Tuesday, August 15, 2017

Traveling Oregon in a Tesla - Photo Journal (Part 1 - Painted Hills)

This is the first summer that I've owned a Tesla. Our Model X 90D arrived in October and we've put about 12,000 miles on it since then. To put this into perspective, most years I only drive about 8,000 miles. This vehicle is a lot of fun and we've been using it to explore our home state.

Our first family vacation trip was to eastern Oregon to see the Painted Hills. We found lodging in Prairie City that has Tesla destination charging (and charging for other EVs too). It was not too far from the Painted Hills, and it had nearby bike paths and hiking.

From Beaverton to Prairie City 
The trip planner said that we could make it to Prairie City with just a single charging stop in The Dalles. I was less certain. We had our CHAdeMO adapter and connectors to plug into RV campgrounds if things didn't go as planned. I decided to play it safe and head to Pendleton instead. This allowed us to arrive with more charge remaining. If there were any issues with the destination charging, we'd still have enough charge for our next day's plans. It added some time to the drive, but better safe than sorry.


The trip was an easy drive. We stopped in The Dalles for a late lunch while we charged. We headed to Pendleton and had a bathroom break and a drink while we charged. That evening, two thousand dead bugs and 360 miles later, we arrived in Prairie City. We checked in, plugged into the destination charger, and made our way to our room.

The next day we were charged up and after breakfast, we headed to the Painted Hills.
Tesla Model X w/ Bike Rack at The Painted Hills in Oregon





The hills were great, a part of nature that's a rare sight. I'll spare you the description of the cause, if you're interested, feel free to google it.

From here we went to the Little Pine Cafe in the town of Mitch. As we parked and my daughter opened the falcon wing door to get out, one of the locals asked if our car was a Dodge. I told him it was a Tesla, to which he replied, "That's the future right there."


Cowboy Boots in Mitchell Oregon


We stopped at the nearby fossil museum and learned a few things about the massive weather pattern changes to the region over the eons. The next day we explored Prairie City and John Day on foot and bike. The visitors center in John Day has level 2 charging with places to explore and eat nearby.

On day 3 we drove into the Strawberry Mountain Wilderness area.Traveling Oregon in a Tesla - Photo Journal (Part 1 - Painted Hills) https://buff.ly/2w88EVS

It was a dusty drive.

From the parking area, it's a hike to the lake.


The next day we packed up to head home, we were fully charged thanks to the destination charging at the hotel. This time, I was confident that the navigation system was correct and that we'd make it to The Dalles on a single charge. The bikes on the rack on the back mean that it is not accurate and I would just need to have a little buffer, but the nav system said that we'd have more than 30 miles left when we arrived. You can always stretch the range a little by slowing down a little if needed. So we headed north.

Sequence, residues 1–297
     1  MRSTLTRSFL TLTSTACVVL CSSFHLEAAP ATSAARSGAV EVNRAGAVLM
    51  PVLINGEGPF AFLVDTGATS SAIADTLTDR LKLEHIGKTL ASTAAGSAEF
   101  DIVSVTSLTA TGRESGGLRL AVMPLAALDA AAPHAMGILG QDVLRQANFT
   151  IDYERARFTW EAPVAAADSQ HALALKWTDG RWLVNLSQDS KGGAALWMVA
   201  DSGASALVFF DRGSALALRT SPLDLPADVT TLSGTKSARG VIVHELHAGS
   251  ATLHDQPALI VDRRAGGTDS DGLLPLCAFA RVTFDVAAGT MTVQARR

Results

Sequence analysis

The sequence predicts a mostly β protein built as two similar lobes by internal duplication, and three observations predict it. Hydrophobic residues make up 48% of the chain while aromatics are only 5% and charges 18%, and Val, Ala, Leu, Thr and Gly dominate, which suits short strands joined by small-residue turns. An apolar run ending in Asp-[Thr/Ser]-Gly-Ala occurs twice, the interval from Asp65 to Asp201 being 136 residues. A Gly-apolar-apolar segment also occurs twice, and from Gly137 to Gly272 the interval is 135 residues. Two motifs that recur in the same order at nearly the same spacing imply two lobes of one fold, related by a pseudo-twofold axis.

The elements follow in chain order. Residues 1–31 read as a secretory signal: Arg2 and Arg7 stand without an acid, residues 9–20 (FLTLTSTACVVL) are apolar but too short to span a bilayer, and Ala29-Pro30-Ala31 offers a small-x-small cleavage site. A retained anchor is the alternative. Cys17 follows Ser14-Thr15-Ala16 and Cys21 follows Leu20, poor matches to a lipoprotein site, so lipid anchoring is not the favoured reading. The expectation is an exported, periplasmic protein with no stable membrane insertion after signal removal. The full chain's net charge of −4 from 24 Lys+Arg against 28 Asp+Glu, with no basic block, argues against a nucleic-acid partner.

Going home we passed through the town of Fossil, Oregon. The town's name has nothing to do with fossil fuels, but I quipped that they'll need to change their name to Renewable, Oregon if they want to survive. Speaking of renewable energy, on the drive back we passed through the Biglow Canyon Wind Farm, as you can see below.


We made it to The Dalles with about 20 miles of range left. From there, after lunch and some charging, it was an easy drive home.

In part two we'll head to Crater Lake.

Tuesday, August 1, 2017

Towing w/ A Tesla

Yesterday I moved my camper to a new storage facility. The trip was only about 45 miles and mostly on Interstate 5. This gave me a chance to see the range impact of towing on the Tesla Model X.

2016 Tesla Model X towing a Coleman Tacoma pop-up camper 
Before connecting the camper, I had to go buy a trailer ball mount and ball. The Tesla tow package only comes with a hitch receiver, not the complete tow kit. This is standard in the industry since they don't know what you may be towing and what type of tow kit you'd need. Perhaps you are just getting this for a bike rack and the receiver is all that you need.

Here is the installed tow ball.
Tow Kit Installed in a Tesla Tow Receiver
Now the part of the story that you've been waiting for: How much did this impact the range? Here is the energy data from the Tesla when we finished the trip.

Trip energy info from the binnacle display at the end of our towing trip 
Let's unpack this a little. I usually see around 335 Wh/mi, so 458 is a 27% increase in "fuel" consumption compared to my typical driving. Using just quick math, at 458 Wh/mile with a 90 kWh pack (85.8 usable in the 90D) results in 187 miles of range. Compared to the 257 miles of range rated by the EPA, this is a 27% reduction in range. A 27% reduction in rated range is not bad, I was expecting a ~40% reduction.

To be clear, this was not an EPA range test, it was one short drive on a mostly flat part of I-5. I may not even get the same results if I were to reverse the trip, but it is one example that can give you a good idea of the scope of the range impact.

187 miles is plenty of range for the places where I typically camp and if it is farther, there are Superchargers to extend the range (although this may be complicated with the camper attached). Also, assuming there is service where we're camping, I'll be able to use an RV outlet (NEMA 14-50) as a "destination charger" to recharge the car overnight.

Before signing off, here are three misc. things I learned on while towing for the first time in the X. One, the car automatically switches into tow mode when it detects something plugged into the 7-pin outlet used to control the trailer lights and braking. Two, when the X is in tow mode, Autopilot is not available to be enabled. You have to actually drive yourself when you are towing (#FWP). Third, our X has smart air suspension and it adjusts the suspension height as you drive and it also undoes this adjustment after you have been stopped for a few minutes. We were unhooking the trailer when the car decided to lift up a couple inches. This was annoying and a little dangerous as I was unhooking the camper at the time.

Stay safe, have fun, charge on.

UPDATE: I was informed by a reader that the tow kit shown above has a 2" drop and that is not recommended by Tesla. According to the reader, the ball can be straight or have up to a 3/4" rise. Luckily, the mount kit shown above is reversible and when reversed, it goes from a 2" drop to a 3/4" rise. I have now moved the ball and flipped it over. Next time I pull the camper, the trailer tongue will be 2 and 3/4" higher.